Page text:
– Save the Date: Women in Angel Investing, 16 May (JHB) & 18 May (CPT)
– Raising awareness of Angel investing activity
– Capacity building / training
– Lobbying for regulatory improvements
– Seeding Angel Groups in major economic hubs
Sara Weinheimer, Founder of podcast series BroadMic looks at her top 5 lessons learned in years of angel investing. The article was published on linkedin.
When I first started out as an angel investor, I didn’t know any other women who were doing what I was doing. If you look at the data, my experience makes sense: In 2004, just 5% of angels were women; when I started out in 1997, there were probably even fewer.
So it’s only natural that everything I learned about investing, I learned from the guys. Not that it occurred to me then that I was learning to invest in a particularly “male” way. It’s only now, after nearly twenty years in the business—the last ten of which I spent investing specifically in women-led startups—that I realize just how important some of those lessons that I learned early on were to my success.
It’s not that men have some sort of secret playbook for investing that they hide from women. But what they do have is a strong network of—mostly male—colleagues and friends who pass on knowledge to one another such that it becomes second nature. If they did have a playbook, however, here are the top five things it would probably include:
Lesson 1: Bet on the jockey, not the horse
I can’t stress this one enough. It’s true that there will be good investments and bad investments, but at the end of the day, what you are investing in is a person more than a product. And if you don’t believe in that person—his or her ideas, talent, and ethics—then it’s going to be a poor investment of your personal capital—no matter how sound the business fundamentals are.
When you’re an angel, it’s not just money that you’re putting on the line: It’s an investment of your time, energy, social and intellectual capital. You have to ask yourself: Am I willing to spend my nights and weekends giving this founder advice? Will I go to bat for them? Will I put my own reputation on the line by connecting them to my network? In short: you have to ask yourself whether you believe in them and trust them.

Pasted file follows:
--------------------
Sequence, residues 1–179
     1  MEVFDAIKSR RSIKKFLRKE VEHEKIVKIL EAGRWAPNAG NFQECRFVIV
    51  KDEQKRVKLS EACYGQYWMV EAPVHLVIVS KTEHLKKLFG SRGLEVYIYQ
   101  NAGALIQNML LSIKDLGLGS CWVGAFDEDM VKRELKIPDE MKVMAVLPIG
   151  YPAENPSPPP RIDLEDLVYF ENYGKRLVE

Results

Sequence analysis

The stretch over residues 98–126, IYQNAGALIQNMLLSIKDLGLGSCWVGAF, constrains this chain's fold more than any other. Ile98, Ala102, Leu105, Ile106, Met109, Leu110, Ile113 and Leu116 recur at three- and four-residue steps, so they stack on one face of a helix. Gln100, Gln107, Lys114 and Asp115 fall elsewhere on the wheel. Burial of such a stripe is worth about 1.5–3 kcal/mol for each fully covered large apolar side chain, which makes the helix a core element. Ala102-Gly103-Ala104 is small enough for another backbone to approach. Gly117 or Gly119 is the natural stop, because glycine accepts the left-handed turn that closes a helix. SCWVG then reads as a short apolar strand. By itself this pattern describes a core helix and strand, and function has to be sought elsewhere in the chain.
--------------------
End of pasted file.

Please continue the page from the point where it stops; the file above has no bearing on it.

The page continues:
Lesson 2: Deal flow trumps due diligence
A mistake I see many women angel investors make is thinking that doing more due diligence will lead to a higher probability of success. Due diligence can be a time-consuming and costly process, and many entrepreneurs have been advised—correctly—that they should make the fundraising “campaign” as short as possible in order to get back to running their business. Be sensitive to their reality.
Yet, there is a basic assessment of a company’s prospects that every angel investor must make in order to get comfortable with writing the check. But doing more homework does not necessarily equate to a better outcome. Instead, focus your energy on deal flow, which “is everything,” as prominent VC investor Marc Andreessen once put it.
The best entrepreneurs don’t just walk through the door—you have to go out and find them. It’s a lot of work. It’s hard to do on your own, which is why joining investor networks—whether formal or informal—can make sense. Here’s where doing the homework is important: Look at how well these investor groups do their job of attracting the best entrepreneurs.
Lesson 3: Diversify, diversify, diversify
It’s also a waste of time to try to be a great early-stage stock picker. A much better strategy is to place smaller bets on a portfolio of 20-30 companies, as a large majority of startups simply won’t make it—for any number of reasons—and you need to prepare for that. Early-stage startups are a much more volatile asset class than your average stock or bond: More than half of them will fail to return your invested capital.